We don’t know.

Those are three difficult words for a journalist to say. For many, it’s an admission of failure. We don’t know is a barrier to publication, dissemination. It means more work needs to be done, or that it’s time to stop and move on.

Seen another way, though, We don’t know is a starting point. You dig and ask questions because you don’t know. You push to find the unknown, and then bring it back and show the world.

That’s what Mark Little used to do as a correspondent and host for Ireland’s public broadcaster.

“When I started in journalism we were the guardians of scarce information,” he said when we sat down to talk at last week’s Online News Association conference in Boston. “We were sent out to hack away … and come back and show people the scarcity we had found. And now we’re the managers of overabundance.”

You’d think information overabundance would mean fewer instances of We don’t know. Little says it’s often the opposite.

“Sometimes something is not completely wrong or completely right and a layer of journalism has to begin at that point,” Little said. “And I think established journalism organizations don’t have the culture, most importantly, and certainly don’t have the structure to accommodate the kind of verification procedures you need.”

That reality led Little to found Storyful, an organization that from its homepage looks like a news curation operation dedicated to breaking and trending news from around the world. Yes, they’re doing that.

What I didn’t realize until Little began talking is that Storyful is also in effect operating as an outsourced verification service for other news organizations.

Some of the media partners Little mentioned included The New York Times, Reuters, YouTube, and the BBC ABC News, among others.* News organizations use the company’s StoryfulPro dashboard, a web app that features custom-curated Twitter lists about global events, locations, and breaking news, and a menu of newsworthy related video discovered via social media. There’s also a feed of updates coming in from the company’s twelve-member editorial staff of curators. It’s TweetDeck on steroids, curated and customized for news organizations. (Former CNN International journalist David Clinch is Storyful’s editorial director.)

Little also said that when one of their partners comes across a notable piece of social media content and aren’t sure of it’s origin, they often call Storyful to hunt it down and get an answer.

“Three words: it’s discovery, it’s verification, it’s delivery,” Little said to explain what they do. “I think that’s essentially the three component parts of the new form of social news.”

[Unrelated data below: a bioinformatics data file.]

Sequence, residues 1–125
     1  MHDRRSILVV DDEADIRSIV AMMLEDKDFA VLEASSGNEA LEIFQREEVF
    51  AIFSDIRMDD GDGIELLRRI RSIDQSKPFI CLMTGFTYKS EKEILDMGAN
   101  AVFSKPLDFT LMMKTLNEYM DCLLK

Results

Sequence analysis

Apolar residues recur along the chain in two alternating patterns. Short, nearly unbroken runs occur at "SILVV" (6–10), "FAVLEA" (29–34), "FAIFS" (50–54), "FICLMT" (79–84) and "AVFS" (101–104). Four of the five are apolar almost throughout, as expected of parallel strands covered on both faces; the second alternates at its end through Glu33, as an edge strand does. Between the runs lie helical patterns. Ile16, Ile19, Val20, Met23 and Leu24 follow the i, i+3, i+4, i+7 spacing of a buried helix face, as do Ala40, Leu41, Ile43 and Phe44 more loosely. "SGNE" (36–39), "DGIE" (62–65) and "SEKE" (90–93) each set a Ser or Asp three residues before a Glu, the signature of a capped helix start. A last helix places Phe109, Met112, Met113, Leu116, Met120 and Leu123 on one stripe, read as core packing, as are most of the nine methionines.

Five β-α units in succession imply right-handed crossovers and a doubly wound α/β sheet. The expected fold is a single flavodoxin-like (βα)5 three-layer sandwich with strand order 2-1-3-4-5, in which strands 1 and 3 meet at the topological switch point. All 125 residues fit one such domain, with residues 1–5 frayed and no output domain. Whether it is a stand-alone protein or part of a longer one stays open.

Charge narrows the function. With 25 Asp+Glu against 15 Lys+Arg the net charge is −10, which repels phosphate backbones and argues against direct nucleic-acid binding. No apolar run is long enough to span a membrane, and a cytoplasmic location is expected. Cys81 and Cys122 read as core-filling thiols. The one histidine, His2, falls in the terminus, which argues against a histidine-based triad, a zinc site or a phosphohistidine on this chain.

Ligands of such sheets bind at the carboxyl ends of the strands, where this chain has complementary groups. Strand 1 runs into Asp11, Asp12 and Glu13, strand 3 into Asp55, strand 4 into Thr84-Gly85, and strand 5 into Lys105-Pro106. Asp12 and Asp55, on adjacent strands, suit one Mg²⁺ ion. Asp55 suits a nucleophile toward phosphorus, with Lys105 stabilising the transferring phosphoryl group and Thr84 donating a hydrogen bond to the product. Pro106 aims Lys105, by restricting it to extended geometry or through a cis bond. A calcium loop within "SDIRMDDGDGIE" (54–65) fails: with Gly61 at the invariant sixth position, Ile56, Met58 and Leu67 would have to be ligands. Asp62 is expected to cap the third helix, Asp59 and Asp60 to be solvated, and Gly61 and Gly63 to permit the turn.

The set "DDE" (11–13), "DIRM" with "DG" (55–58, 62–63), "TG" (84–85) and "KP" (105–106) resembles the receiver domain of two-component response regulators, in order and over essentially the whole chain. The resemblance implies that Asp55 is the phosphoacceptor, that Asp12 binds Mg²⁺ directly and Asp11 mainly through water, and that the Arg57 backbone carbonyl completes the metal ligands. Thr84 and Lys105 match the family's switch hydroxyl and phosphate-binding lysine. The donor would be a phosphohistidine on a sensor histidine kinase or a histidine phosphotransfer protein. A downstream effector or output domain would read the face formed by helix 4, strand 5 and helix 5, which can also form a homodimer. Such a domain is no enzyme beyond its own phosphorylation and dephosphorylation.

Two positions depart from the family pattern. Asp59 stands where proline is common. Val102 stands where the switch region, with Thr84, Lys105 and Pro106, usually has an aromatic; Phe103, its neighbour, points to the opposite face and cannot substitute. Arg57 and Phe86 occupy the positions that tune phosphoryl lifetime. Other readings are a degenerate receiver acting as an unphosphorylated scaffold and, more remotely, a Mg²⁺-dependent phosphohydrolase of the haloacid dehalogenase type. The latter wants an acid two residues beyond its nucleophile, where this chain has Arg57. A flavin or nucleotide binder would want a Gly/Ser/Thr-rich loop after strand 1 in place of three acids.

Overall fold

At this moment in time, there’s also an unexpected fourth component: dead bodies.

Five Days In The Gray

The video was gruesome, and came with a lot of questions. It showed people throwing dead bodies into a river. That part was clear. But everything else was a shade of gray. Unknown.

“We spent five days trying to verify a video which allegedly showed Muslim extremists throwing bodies into a river in Syria,” Little said. “We were told [by sources] that the river was dry this time of year. Other people said something different. Five days — at the end the conclusion was we don’t know.”

Those three words again. Little says them with a hint of frustration, but also an appreciation for their value and importance.

“I’ve seen dead bodies before,” he said, noting he used to run off to conflict zones and trouble spots.

But these days, he and his team see a lot of them. They come in videos and pictures shared online by people claiming to be in places like Syria. Storyful’s editorial team tracks this emerging information as it’s shared via Twitter and other places, and then they work to confirm its authenticity.

As Little detailed in a blog post, they check maps, listen to accents, cross-reference the weather to see if what they’re looking at matches the time, place and situation the material purports to represent.

In the case of the supposedly Syrian video, they worked and worked but in the end couldn’t vouch for its authenticity. What’s most important is to be able to live with the shades of gray, and to communicate that reality, according to Little.

“Number one, it’s as good to debunk a story as it is to be the one to break it,” Little said. “And number two, don’t be scared of ambiguity. Don’t be scared if at the end of a process of verification you just have to say to your partners ‘I’m sorry, we cannot stand over this.’ It’s just old values with a new boss.”

Who’s the new boss? Little says it’s the community.

Craig Silverman is the editor of RegretTheError.com and the author of Regret The Error: How Media Mistakes Pollute the Press and Imperil Free Speech. He is also the editorial director of OpenFile.ca and a columnist for the Toronto Star.